Bed-Stuy street corner to be named after master jazz drummer Max Roach

NEW YORK — Max Roach, one of the greatest jazz drummers of all time, will be honored Juneteenth when a street corner in Bedford-Stuyvesant is named after him.

The corner of Greene and Marcy avenues will be named Max Roach Way in a ceremony emceed by Brooklyn Councilman Chi Ossé.

Wednesday’s celebration will also include performances and guest speakers. Members of Roach’s family will be in attendance.

Max Roach Way “stands as a testament to the enduring impact of Roach’s contributions to music and culture,” his son Raoul Roach wrote in a Facebook post. “This street co-naming honors not only his extraordinary talent and achievements but also his deep roots in the Brooklyn community.”

The family is planning a series of events to honor Roach’s centennial year, 17 years after his death in 2007. Roach’s fans and friends have been pushing for years to name a street after him in Bed-Stuy, though previous efforts focused on Monroe Street.

“Max Roach was part of the fabric that is Bed-Stuy Brooklyn and truly deserves a street named in his honor,” reads a petition started in January 2019.

Though Roach was born Jan. 10, 1924, in North Carolina, he was raised in Brooklyn, and specifically in Bed-Stuy.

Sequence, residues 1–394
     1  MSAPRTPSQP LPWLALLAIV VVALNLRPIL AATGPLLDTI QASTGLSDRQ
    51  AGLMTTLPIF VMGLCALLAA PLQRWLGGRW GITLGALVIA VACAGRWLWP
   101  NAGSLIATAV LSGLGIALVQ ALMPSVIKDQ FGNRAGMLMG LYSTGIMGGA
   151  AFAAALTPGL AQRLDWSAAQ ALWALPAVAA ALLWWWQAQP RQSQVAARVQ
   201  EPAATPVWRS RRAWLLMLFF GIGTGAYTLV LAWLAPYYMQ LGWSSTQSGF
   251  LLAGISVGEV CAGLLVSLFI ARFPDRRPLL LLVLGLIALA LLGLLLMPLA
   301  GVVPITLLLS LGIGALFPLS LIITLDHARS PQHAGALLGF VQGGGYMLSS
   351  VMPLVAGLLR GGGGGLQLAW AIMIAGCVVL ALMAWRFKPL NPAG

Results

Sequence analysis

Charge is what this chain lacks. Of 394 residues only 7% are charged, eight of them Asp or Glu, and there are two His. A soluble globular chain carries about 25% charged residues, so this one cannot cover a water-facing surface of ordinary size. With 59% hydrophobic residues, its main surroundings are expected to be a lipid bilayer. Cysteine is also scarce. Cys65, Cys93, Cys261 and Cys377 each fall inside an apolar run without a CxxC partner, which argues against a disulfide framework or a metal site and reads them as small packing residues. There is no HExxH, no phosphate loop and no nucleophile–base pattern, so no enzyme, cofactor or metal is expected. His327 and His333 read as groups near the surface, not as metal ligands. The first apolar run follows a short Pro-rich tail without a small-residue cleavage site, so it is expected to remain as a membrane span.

Even before he turned 30, Roach was recognized as the greatest jazz drummer of all time by his peers. He played with Charlie Parker and Dizzy Gillespie in Harlem, helping to create the bebop sound that revolutionized the genre.

Jazz historian Phil Schaap of WKCR said Roach would’ve been considered the greatest even if “he had quit music when he resigned from Parker’s quintet in 1949.”

However, he continued playing with the greats, including Parker, Miles Davis and Clifford Brown. In 1960, he released a civil rights statement album, “We Insist! Max Roach’s Freedom Now Suite,” considered one of his finest works.

Roach was renowned among his colleagues for his ability to play with anyone, even working with hip-hop stars late in his career.

“Roach had developed his masterful technique to an irrefutable level, but he had aesthetic and personal purpose,” critic Stanley Crouch wrote for the Daily News on the occasion of Roach’s death. “Max Roach has actual majesty, something so rare in our cheap moment but a force that can inspire nostalgia. It can also inspire ability, and ability is what Roach had much more of than most in the arts, regardless of idiom. He was one of our finest.”